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We present the experimental optimization of electrons in the several hundred keV energy range originated from laser-irradiated wire targets. Accelerated by a femtosecond laser pulse, an electron pulse emitted from the wire target was collimated immediately along the wire to a filter unit for the manipulation of energy and spatial distributions. It is shown in simulation that with a pair of magnets as the filter unit, the optimized electrons could serve as a compact and tunable electron source. The proposed system was demonstrated in a proof-of-principle experiment where we attained 1 fC bunch charge with transverse coherence length approaching 1 nm based on a 0.2 TW laser platform. This indicates the scheme as a promising candidate for single-shot electron diffraction.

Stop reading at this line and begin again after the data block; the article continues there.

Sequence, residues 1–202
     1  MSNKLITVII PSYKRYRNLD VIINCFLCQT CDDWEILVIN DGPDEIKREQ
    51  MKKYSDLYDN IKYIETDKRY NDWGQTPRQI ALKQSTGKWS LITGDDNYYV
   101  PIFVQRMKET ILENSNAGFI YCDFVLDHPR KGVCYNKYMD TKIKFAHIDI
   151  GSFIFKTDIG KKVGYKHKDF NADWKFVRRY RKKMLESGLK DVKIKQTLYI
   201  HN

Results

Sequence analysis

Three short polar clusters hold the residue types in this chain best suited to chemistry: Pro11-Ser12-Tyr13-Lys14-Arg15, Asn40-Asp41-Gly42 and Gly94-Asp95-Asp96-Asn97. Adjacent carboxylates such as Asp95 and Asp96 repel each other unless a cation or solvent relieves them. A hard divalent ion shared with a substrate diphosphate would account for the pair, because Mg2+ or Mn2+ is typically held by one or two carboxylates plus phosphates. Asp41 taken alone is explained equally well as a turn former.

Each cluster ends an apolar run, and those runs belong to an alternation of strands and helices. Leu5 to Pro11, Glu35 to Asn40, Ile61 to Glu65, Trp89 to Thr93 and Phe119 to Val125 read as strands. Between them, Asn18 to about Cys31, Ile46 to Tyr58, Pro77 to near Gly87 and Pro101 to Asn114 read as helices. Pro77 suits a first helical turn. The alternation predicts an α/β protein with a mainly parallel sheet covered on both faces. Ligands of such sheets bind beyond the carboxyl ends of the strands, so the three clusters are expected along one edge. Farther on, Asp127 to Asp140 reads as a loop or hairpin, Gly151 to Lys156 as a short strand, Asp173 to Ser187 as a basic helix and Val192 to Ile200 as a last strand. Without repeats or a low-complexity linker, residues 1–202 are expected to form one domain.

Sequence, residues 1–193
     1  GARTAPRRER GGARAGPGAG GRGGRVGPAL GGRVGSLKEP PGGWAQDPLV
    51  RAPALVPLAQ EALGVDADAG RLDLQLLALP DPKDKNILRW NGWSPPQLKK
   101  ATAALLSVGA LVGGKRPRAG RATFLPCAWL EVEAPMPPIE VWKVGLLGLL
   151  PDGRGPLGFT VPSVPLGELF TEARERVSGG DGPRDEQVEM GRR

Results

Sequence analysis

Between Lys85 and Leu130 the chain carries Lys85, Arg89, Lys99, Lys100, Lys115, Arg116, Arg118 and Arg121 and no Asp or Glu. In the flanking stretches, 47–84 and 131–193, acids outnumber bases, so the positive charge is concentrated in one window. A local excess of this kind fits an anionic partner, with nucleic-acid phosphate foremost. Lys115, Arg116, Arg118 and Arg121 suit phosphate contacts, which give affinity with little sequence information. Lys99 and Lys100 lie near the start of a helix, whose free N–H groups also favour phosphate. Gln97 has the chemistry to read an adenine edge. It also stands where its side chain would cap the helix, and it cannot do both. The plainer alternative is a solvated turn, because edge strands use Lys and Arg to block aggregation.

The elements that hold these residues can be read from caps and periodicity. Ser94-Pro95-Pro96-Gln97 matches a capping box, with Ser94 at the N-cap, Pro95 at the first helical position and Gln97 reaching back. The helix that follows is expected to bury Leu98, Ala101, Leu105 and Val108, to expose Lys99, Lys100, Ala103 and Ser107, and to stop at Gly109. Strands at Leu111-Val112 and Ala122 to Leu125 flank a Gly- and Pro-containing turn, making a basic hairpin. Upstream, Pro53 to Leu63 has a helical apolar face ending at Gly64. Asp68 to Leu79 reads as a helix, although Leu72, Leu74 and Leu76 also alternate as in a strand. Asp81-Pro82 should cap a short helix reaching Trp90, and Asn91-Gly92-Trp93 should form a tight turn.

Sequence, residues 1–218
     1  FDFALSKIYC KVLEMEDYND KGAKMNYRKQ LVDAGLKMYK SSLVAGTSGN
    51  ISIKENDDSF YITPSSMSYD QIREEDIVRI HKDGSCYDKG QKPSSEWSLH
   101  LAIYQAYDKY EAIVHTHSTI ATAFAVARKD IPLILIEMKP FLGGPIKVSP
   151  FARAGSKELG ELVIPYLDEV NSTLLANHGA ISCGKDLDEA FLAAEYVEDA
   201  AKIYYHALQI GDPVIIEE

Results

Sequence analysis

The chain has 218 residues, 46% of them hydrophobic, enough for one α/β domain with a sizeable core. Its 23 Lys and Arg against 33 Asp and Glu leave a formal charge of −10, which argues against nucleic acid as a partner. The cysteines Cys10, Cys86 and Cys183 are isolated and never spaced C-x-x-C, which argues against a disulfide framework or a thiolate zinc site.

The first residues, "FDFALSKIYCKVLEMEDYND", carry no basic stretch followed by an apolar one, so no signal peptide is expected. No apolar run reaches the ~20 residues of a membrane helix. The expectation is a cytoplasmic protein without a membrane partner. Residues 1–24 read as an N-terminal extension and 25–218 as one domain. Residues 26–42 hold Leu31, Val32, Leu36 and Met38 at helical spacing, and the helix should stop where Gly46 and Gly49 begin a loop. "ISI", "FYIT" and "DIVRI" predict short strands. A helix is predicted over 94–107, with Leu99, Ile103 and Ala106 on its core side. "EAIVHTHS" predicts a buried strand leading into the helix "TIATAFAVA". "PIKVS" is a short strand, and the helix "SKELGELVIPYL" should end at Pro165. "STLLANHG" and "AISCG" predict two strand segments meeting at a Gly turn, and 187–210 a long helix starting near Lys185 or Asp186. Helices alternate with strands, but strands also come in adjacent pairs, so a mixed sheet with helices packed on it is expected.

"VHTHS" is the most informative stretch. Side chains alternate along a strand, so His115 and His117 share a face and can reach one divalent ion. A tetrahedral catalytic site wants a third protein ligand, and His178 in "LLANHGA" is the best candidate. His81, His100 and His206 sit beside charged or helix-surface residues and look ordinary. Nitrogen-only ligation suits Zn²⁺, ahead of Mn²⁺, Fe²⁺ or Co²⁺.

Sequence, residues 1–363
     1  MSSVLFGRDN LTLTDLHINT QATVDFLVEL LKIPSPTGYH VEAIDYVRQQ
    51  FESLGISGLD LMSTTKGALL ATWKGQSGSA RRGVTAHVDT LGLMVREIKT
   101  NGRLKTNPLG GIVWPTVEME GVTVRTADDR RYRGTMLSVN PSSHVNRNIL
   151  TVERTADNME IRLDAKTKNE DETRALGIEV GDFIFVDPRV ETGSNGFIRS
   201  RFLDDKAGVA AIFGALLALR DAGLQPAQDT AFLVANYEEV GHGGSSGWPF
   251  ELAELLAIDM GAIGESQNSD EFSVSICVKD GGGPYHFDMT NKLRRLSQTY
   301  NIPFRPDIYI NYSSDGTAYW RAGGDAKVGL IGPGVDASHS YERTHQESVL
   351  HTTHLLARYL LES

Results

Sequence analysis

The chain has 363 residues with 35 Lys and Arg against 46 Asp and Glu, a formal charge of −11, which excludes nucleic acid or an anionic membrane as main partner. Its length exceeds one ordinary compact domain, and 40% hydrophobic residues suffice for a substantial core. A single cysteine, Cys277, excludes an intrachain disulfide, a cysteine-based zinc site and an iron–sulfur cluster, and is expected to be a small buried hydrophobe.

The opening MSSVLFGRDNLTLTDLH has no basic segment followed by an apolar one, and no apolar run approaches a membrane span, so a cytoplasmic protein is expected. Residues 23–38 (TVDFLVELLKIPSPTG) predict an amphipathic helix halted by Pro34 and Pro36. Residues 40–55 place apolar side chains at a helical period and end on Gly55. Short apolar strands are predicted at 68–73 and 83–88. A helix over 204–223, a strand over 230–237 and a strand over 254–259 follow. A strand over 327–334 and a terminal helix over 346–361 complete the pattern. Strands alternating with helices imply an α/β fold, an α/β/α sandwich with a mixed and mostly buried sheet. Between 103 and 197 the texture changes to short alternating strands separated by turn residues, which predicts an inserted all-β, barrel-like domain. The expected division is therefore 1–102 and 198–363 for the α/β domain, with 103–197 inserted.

A high energy electron density modulator from a high-intensity laser standing wave field is studied herein by investigating the ultrafast motion of electrons in the field. Electrons converge at the electric field antinodes, and the discrete electron density peaks modulated by the field located at the corresponding laser phases of kx = nπ, (n = 0, 1, 2, …), that is, the modulation period is 1/2 the wavelength of the individual laser. We also discussed the influence of the laser parameters such as laser intensity and waist size on the beam modulator. It is shown that a long interaction length (waist) or sufficiently high field intensity is essential for relativistic electron density modulation.
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